I WAS HOOKED!!! For about a year, that’s all I would drink, and I loved it. I could not get enough of it. One day, I had a wake-up moment. I went to a big wine tasting and realized that my mind was locked down. In a nutshell, I was comparing everything to the wines I had been drinking. I’m tasting superb Oregon Pinot and I would comment that it was not as good as the Spanish Grand Reserva that I had last night. As a sommelier, the most important aspect of my career is to have an open mind. I need to look at wines in two ways
- Does the wine have any faults (which means has it gone bad)?
- Is the wine good? Not in my taste profile but will it meet someone else’s profile and they like it?
The second point is more important than the first one. I recently talked with one of my good friends about White Zinfandel. OK, I do not care for it and it does not meet my taste profile. However, if others like it and its not faulted (point #1), who am I to say that they are wrong? During this time in our lives with everything going on, we sometimes can get too focused on opinions instead of just being happy. If you want to drink White Zinfandel in front of me, go ahead and be happy because what I’m drinking may not fit your taste profile.
What Am I Getting at?
The reason why I talked about my Spanish Red kick was to explain this point. I was shocked, opposed, miffed and any other combination that you could come up with about people not exploring other wines. How can you only drink this one wine from this one producer when there are thousands of options available in the market today? Why close your mind to other opportunities and only drink this one wine?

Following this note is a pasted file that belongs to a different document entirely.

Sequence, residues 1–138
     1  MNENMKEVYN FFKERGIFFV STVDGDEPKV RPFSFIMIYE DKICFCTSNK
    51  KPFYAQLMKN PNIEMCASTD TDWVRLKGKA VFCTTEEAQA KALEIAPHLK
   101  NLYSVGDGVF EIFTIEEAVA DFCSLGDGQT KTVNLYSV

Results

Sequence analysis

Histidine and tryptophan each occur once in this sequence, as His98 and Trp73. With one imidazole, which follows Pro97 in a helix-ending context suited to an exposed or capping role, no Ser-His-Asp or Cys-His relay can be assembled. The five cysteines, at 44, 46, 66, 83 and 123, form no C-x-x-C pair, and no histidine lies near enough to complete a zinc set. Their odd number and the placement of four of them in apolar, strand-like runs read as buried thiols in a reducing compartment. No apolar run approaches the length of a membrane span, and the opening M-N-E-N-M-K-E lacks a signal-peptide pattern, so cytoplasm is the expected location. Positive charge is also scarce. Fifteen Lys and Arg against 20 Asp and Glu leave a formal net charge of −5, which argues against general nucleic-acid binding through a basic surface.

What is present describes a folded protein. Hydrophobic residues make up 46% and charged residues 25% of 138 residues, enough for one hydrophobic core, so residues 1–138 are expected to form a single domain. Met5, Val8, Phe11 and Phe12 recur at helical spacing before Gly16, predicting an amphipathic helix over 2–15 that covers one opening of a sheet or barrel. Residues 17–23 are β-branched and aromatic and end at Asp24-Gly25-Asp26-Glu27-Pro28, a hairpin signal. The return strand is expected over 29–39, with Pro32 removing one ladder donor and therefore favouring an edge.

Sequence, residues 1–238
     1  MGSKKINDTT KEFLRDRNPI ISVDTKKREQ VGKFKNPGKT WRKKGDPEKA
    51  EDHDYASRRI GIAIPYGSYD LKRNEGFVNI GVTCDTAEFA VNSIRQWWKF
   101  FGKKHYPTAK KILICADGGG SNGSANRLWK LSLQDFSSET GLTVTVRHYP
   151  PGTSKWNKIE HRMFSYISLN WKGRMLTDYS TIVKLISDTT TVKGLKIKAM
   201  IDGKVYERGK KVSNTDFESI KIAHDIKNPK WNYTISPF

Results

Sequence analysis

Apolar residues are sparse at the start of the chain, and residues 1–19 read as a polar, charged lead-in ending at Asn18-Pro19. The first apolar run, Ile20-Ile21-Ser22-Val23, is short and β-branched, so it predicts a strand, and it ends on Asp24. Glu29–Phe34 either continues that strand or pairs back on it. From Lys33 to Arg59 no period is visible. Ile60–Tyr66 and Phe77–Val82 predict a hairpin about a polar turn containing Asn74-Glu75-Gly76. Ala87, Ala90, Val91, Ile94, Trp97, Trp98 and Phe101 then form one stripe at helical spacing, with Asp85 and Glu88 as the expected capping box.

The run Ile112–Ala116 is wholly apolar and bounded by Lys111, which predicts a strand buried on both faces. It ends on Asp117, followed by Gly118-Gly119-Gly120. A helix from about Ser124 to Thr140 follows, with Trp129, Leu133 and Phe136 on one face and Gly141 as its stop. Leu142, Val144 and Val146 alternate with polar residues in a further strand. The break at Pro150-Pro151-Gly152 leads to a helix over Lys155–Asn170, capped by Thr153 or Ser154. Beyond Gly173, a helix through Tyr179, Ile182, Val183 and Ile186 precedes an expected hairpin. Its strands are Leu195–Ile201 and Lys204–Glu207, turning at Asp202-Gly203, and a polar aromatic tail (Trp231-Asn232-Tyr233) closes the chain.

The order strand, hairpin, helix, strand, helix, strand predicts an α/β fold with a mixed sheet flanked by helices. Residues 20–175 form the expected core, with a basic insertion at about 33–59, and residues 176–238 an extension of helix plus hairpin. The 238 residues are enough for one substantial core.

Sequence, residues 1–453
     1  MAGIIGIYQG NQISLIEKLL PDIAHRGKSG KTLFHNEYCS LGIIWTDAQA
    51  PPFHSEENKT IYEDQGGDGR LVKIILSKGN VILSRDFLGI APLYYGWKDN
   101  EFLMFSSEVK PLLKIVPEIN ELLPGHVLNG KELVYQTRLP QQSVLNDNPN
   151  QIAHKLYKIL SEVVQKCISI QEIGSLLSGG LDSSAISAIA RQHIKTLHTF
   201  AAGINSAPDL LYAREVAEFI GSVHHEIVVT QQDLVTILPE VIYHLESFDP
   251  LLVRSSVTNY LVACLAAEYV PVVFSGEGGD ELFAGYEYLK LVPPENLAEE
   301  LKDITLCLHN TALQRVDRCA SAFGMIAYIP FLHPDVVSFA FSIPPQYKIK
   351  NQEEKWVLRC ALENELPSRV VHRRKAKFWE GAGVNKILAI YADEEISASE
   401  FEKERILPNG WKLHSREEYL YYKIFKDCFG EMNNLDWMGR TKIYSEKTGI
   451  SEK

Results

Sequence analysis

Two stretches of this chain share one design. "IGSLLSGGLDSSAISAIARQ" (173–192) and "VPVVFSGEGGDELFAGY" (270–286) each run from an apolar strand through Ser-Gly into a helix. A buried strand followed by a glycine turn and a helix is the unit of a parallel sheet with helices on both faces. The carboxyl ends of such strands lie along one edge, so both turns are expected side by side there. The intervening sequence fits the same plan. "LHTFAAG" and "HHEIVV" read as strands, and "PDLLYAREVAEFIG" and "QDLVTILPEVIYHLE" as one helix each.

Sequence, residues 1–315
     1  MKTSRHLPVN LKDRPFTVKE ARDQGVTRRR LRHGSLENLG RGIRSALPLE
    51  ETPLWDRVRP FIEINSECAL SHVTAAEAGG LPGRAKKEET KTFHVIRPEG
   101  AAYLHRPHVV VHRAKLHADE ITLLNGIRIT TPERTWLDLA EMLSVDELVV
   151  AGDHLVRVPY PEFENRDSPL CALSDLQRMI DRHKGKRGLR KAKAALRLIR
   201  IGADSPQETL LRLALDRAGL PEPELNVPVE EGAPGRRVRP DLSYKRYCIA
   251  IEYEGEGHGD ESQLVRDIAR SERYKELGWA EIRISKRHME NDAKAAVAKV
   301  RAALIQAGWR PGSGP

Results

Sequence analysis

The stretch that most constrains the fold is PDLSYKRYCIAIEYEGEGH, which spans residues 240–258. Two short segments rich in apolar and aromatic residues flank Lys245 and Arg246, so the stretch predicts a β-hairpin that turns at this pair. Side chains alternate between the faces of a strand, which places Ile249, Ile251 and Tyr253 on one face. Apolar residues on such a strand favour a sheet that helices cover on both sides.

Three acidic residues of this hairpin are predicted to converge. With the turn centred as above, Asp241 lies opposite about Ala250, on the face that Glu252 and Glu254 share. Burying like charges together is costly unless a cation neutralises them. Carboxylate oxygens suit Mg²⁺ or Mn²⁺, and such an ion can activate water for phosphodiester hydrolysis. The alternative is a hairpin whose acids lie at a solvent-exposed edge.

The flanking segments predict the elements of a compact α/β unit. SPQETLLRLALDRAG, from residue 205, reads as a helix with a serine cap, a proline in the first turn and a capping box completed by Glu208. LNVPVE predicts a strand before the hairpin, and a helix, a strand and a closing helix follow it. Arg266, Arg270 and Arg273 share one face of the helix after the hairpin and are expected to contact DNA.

I forgot point 2 from above. It made them happy and that’s all that matters when we consume something. Just be happy and drink what you like. Life is too short to be able to try everything out there. So now at my house, I have a system for my wines that I consume on a regular basis. I have two whites, and two reds that I predominately drink. I also go out of my way to choose two new wines that I have not tried to keep my palate fresh, to be able to take notes to learn and to be able to give recommendations.
Your house wine should follow three criteria:
- You like to drink it all the time
- The wine is relatively inexpensive for YOUR budget (if I did not have a budget, my list would be different)
- They are universal. You can drink each of them straight up or generally pair with food (maybe not perfect but it works).
Here are my four base wines that I drink:
The most expensive one is Prisoner, but I normally keep a bottle just to have. All the others should be under $20 anywhere in the country.
Ladies and Gentlemen, our world is different right now and changes day by day. Even though we must practice social distancing, please note that we can have a House wine and enjoy it daily. More importantly, if this was 30 years ago without the internet and our six channels of TV, we would need something to keep us occupied.
Everyone, please stay safe and enjoy this time. Send me your pics of your house wine. I would love to toast you electronically.